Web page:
On May 6th, my wife I recently completed a "Tulips and Windmills" cruise on what turned out to be the maiden voyage of the Viking Freya, one of Viking's brand new class of "Longships". We are fairly seasoned travelers. This was our fourth river cruise. (The others include the Rhine with Viking and the lower Danube with Uniworld, as well as the Amazon and the Columbia.) We've also taken numerous other cruises with Windstar, Paul Gauguin, Hurtigruten, Carnival and others, and we plan to take many more cruises in the future. We have a good idea of what we like and what is reasonable to expect on a cruise.
Overall, our cabin was very nice. Among the things we liked were the heated bathroom floor, the big flat-screen TV, the safe and ample storage. I wish the weather was better so that we could have enjoyed the veranda, but there's nothing Viking could do about that. The shower is the best I've had on a cruise ship, and the towels are big and fluffy. I also really like the king-size sheets and duvets. Our biggest complaint about the cabin - and this is HUGE - is the damned glass bath/shower wall. WHAT WERE THEY THINKING???? Being able to transform the wall from clear to frosted (and back again) is certainly high tech and glitzy, but it significantly degraded our cruise experience. Why? Because there is no way to make the wall opaque, so whenever the bathroom light is turned on at night, the entire cabin is illuminated, thereby disturbing whoever is still in bed trying to sleep. This one single feature will prevent me from ever considering cruising on a Viking ship which is so equipped.
THE DINING ROOM
The food on the Viking Freya was almost always very good and nicely presented. The dinner portions were on the small side, which I think is just right. (I hate to see food wasted.) The one exception was the "highly recommended by the chef" sea bass, which was just awful: dry, overcooked, tough and flavorless. The included wines were decent and plentiful. I have three major dining concerns. First, the dining room is very, very noisy. We think this is because there are too many tables squeezed into too small a space with no partitions to break up the noise. Second, the dining staff was mostly inexperienced, often inefficient and frequently less-than-friendly. I'll chalk most of this up to it being a brand new ship. Third, the Aquavit venue breakfast offerings were too limited . . . seemingly little more than coffee and a couple of stale donuts.
The Viking Freya is new and shiny, and, as mentioned above, the cabins have several attractive features not found on other river cruise ships. But there are several things about the new "Longship" class that were disappointing. The biggest, single concern is that the lounge is cramped and simply too small to handle the passenger compliment. When there was a presentation or performance, not everyone could fit in there to see it. Numerous times, the staff set up a couple dozen uncomfortable folding chairs to try to handle the overflow, but even that didn't always work. We left a couple of lectures early because we couldn't see. Our impression is that Viking was so intent on creating Aquavit and the forward open dining area, that they cut back too much on lounge space. We also had several problems that I'll mostly chalk up to maiden voyage glitches. For example, the elevator almost never worked; the AC broke one night leaving rooms hot and uncomfortable; the TV weather channel was never programmed for "our" cruise, so we got weather reports for cities along the Danube; and for a few days there was a sewage problem that stunk up much of the 2nd level cabin area.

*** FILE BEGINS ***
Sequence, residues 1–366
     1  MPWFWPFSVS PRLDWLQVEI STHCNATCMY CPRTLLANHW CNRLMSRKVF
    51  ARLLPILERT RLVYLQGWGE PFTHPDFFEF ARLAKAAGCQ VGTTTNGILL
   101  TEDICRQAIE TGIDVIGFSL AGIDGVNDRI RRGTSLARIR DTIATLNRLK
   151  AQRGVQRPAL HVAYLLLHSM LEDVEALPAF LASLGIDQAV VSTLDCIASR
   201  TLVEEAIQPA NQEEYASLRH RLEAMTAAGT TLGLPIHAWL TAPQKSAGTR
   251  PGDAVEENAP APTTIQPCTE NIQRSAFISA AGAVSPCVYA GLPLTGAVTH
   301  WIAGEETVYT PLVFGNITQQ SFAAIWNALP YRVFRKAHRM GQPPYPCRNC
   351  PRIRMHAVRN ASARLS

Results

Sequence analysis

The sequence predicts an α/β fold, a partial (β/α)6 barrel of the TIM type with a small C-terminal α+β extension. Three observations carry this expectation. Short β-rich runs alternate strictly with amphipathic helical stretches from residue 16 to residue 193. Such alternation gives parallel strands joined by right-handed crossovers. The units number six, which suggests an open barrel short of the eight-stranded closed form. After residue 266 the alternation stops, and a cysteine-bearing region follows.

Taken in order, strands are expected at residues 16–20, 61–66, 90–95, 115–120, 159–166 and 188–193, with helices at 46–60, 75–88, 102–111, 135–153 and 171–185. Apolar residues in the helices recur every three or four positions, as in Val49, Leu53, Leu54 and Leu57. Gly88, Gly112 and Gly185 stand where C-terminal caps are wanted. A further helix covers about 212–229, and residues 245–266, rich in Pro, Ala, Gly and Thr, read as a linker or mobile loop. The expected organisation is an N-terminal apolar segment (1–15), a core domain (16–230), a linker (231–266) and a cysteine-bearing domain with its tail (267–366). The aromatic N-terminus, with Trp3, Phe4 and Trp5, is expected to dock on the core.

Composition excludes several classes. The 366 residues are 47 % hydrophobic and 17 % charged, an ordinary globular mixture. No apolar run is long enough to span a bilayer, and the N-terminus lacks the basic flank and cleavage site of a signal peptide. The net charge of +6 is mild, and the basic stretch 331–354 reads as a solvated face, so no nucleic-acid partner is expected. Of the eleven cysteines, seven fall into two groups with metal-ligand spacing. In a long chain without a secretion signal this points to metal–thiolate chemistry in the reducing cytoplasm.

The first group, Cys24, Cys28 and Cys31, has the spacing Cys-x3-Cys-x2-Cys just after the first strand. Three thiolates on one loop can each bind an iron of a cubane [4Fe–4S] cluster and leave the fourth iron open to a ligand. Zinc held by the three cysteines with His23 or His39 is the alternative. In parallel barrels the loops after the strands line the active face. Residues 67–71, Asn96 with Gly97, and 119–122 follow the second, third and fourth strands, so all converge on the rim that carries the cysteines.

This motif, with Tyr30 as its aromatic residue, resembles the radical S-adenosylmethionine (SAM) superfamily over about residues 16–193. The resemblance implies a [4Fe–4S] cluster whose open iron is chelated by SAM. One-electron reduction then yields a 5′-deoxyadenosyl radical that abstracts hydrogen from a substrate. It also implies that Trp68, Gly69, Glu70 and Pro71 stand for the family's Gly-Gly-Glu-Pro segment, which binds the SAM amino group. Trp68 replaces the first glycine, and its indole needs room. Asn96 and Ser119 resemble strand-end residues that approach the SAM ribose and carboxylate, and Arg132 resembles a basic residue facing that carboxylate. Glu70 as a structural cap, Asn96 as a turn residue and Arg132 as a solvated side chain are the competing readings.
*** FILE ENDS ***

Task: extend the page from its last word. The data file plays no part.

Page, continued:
TOURS & EXCURSIONS
Not too much to say here. Mostly, the tours were good and well organized. I really like the personal receivers. I also like that they included several variants on many of the excursions, such as "regular" or "leisurely", and occasionally offered extended stays, (eg., in Brugge).
We wish the Viking Freya had a paperback book exchange area in the library. This has become common on almost all of the vessels we've cruised, (and in many hotels and B&B's as well). All they need is a couple of shelves designated and labeled for folks to drop off books they've finished, and/or to pick up books someone else has left. It's mostly self-monitoring and provides a useful service to the passengers.
On the last night of the cruise, the cruise director and staff pushed and cajoled passengers to buy raffle tickets for some unspecified mystery merchandise. They never told us ahead of time what they were raffling off or where the proceeds from the raffle would go. (The raffle items turned out to be a couple cheap Viking hats and towels.) The whole thing was unseemly.
I was annoyed by the way the cruise evaluation forms were handled, especially when the cruise director coached passengers to inflate the ratings on the forms. I think he was way out of line to do so. Early in the cruise, I asked the front desk person if I could get a copy of the form early in the cruise so I could fill out portions of it along the way. There are so many things that happen on days 1-4 that ought to be mentioned, but I forget about them by the end of the cruise, and I thought detailed comments would be especially useful for the maiden voyage of a new ship. But I was told "No". Instead, they handed them out the day before departure.
Viking is a quality company, but I think they have made several serious mistakes with their new class of "Longships". If we sail with Viking again, it will only be on one of their older, and preferably smaller, ships.